Ditching the Turkey: Thanksgiving Recollections (and Misadventures) of Reporters Overseas

“Think of quantity,” I implored the guests. Alex and Rami brought two turkeys, Helen and Felix Cheese from Paris, Carly and Claire all of their forks and knives. Chinese sticky rice filling – my aunt’s recipe – fell on the table alongside Hwaida’s Lebanese Meghli pudding, Signe’s Danish rye, and Colin’s Irish whiskey, as well as versions of all the classics. Eleven nationalities crowded around four tables. Some of us danced.

Shortly afterwards, I learned that I had been transferred to Cairo, where I arrived two weeks ago with five suitcases and no turkey plans.

Do it.

Jeffrey Gettleman, head of the South Asian office

On Thanksgiving 2002, I got a call from my boss, the Times national editor.

“Hey Jeff, how are you?”

“Um, well, I guess …” (I suspected he didn’t call on one of the biggest holidays of the year just to say hello.)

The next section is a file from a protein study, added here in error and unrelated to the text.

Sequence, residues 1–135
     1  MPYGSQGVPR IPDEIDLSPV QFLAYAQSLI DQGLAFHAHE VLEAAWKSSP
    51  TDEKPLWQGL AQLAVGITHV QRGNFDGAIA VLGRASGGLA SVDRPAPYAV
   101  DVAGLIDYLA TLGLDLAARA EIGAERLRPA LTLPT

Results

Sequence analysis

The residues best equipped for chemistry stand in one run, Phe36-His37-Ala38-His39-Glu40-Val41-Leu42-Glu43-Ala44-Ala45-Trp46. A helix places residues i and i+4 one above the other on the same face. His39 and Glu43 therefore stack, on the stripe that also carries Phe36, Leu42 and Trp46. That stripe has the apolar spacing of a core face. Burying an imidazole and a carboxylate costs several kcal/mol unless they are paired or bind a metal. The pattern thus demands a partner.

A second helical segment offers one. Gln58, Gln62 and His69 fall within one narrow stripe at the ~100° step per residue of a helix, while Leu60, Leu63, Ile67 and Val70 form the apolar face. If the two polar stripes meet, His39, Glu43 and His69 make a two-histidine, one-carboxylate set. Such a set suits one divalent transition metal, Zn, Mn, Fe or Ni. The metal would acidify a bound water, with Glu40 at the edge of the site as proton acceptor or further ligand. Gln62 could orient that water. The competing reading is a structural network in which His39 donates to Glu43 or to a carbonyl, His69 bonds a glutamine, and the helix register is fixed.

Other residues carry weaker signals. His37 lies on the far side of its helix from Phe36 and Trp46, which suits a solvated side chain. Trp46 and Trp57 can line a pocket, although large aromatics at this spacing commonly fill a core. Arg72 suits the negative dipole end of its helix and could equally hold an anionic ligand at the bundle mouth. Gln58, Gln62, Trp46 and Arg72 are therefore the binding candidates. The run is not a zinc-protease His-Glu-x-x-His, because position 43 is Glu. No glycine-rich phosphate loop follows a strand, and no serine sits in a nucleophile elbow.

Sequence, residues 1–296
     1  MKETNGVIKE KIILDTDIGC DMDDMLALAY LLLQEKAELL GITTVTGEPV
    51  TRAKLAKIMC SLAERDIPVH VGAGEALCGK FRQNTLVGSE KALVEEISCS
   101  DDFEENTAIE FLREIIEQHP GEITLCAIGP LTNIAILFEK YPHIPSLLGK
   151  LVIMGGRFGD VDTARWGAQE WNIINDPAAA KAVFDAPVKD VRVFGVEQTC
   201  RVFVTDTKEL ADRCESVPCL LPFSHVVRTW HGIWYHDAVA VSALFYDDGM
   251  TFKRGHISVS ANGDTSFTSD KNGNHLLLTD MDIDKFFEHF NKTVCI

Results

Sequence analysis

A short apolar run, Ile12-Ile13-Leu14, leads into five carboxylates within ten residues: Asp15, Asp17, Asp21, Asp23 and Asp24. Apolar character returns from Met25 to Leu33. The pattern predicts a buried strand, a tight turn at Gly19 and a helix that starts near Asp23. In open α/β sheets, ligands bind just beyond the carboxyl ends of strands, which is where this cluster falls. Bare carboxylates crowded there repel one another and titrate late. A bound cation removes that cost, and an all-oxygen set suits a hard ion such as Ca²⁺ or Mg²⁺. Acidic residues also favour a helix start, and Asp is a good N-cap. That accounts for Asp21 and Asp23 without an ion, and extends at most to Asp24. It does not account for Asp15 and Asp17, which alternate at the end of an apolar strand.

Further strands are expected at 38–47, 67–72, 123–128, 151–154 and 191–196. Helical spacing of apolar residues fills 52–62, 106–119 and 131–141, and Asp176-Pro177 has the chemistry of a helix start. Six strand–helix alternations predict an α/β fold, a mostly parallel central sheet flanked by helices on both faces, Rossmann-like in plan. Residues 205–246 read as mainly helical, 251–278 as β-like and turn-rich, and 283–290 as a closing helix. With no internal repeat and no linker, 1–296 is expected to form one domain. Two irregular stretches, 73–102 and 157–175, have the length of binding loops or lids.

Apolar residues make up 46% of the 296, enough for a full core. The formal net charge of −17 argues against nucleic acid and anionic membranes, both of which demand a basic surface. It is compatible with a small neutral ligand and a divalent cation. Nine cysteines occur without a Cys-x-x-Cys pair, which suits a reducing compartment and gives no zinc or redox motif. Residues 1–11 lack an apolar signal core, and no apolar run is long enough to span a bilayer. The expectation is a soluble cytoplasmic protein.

“How would you like to go on a cruise?”

“Do you mean that seriously?” I asked, knowing there had to be a catch.

“Yes I am. You have to take a cruise to write about the Norwalk virus.”

The Norwalk Virus! At the time, this stomach virus, like a weak sequel to Covid-19, hit the cruise industry, sickening thousands of people and spreading a sense of paranoia in the western world. The main symptom was diarrhea. And now my boss asked me to handle it carefully!

But I had just been hired by the paper and I wanted to do anything. So I started packing and soon left my family for a 10 day Caribbean cruise. I was one of the youngest people on board and was instructed not to shake hands and use a lot of hand sanitizer.

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